The Electronic Health Record (EHR) is a longitudinal electronic record of patient health information generated by one or more encounters in any care delivery setting. Included in this information are patient demographics, progress notes, problems, medications, vital signs, past medical history, immunizations, laboratory data and radiology reports. The EHR automates and streamlines the clinician’s workflow. The EHR has the ability to generate a complete record of a clinical patient encounter – as well as supporting other care-related activities directly or indirectly via interface – including evidence-based decision support, quality management, and outcomes reporting.
An electronic medical record (EMR) is a computerized medical record created in an organization that delivers care, such as a hospital and doctor’s surgery. Electronic medical records tend to be a part of a local stand-alone health information system that allows storage, retrieval and modification of records.
So, there you have ’em — the two major terms that compete for attention in our business. The top definition comes from HIMSS and the second, from Wikipedia.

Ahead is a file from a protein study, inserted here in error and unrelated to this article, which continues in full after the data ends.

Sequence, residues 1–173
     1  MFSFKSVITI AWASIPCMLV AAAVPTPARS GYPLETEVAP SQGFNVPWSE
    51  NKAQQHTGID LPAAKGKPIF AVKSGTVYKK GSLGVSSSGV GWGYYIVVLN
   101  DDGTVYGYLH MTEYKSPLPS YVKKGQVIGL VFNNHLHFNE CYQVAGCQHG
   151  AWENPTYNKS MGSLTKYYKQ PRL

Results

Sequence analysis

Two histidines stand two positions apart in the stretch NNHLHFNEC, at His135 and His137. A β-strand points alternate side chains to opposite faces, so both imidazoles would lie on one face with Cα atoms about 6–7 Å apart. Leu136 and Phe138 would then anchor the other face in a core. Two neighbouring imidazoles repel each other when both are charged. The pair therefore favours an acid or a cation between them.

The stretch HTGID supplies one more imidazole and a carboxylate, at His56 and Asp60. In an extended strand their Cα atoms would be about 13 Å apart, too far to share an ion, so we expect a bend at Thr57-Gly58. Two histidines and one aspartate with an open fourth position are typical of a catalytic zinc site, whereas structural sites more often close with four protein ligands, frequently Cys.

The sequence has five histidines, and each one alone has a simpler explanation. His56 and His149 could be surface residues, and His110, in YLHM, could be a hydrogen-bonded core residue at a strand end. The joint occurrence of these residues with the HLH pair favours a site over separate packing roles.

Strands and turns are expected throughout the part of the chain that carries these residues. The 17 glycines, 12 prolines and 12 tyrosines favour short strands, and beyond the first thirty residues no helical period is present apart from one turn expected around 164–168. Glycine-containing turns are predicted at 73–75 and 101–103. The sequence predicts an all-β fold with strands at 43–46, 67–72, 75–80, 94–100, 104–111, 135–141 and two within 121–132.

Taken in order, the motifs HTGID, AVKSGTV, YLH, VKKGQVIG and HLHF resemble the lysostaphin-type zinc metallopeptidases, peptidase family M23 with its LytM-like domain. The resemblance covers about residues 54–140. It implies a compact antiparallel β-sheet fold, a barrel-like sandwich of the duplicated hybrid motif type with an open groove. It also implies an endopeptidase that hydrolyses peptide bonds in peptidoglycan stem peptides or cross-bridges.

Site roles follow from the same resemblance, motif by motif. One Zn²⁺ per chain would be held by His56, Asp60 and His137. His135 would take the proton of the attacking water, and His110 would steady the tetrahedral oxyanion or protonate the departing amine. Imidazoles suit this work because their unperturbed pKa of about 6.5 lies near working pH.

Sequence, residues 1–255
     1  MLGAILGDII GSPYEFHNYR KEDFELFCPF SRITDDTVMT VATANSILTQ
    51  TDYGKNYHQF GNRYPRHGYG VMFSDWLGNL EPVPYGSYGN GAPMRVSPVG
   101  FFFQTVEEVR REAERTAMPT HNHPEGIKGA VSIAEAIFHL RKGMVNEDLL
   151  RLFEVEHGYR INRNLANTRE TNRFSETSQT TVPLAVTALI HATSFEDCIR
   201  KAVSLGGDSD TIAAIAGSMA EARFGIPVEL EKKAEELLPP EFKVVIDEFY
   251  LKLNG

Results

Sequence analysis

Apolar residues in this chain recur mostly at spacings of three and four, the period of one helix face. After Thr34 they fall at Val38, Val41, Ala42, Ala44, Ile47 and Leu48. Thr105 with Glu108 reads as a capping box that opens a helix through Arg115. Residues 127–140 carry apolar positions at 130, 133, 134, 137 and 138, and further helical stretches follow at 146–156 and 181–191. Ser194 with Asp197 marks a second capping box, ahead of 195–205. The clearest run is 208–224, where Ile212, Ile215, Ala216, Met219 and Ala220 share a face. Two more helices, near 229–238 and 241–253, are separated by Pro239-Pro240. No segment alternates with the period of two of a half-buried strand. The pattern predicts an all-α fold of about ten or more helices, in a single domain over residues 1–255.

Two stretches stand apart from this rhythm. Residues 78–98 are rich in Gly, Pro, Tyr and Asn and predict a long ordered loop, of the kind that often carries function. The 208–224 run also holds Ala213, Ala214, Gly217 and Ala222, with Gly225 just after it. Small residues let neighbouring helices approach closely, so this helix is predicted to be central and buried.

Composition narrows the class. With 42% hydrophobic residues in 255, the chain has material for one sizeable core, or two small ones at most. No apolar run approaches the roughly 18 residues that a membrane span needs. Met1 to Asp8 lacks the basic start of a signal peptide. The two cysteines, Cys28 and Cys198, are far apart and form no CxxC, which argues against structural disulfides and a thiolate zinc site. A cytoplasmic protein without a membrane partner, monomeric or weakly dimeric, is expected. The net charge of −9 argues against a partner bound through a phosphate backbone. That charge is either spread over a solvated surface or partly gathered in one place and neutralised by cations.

In the circles where I travel, “EMR” and “EHR” are used interchangeably, but not everyone agrees they should be. In my mind, for example, the two terms shouldn’t exist — only EMR does the trick.
Why? To my knowledge, the term “medical record” has a widely-accepted definition, but the term “health record” has no formal place in medical care. And there’s no reason to toss an imprecisely-defined term into the mix when we’re struggling to define so much about digital healthcare. (For what it’s worth, Wikipedia defines the EHR as an “evolving concept.”)
Good Lord, toss in the even more poorly defined term “PHR” and you’ve officially created a conceptual traffic loop which could create traffic crashes for years to come.
But I know not everyone cares about terminology the way a slightly-obsessed editor does. What do you folks think? Do you care which acronym the industry uses? Does it matter?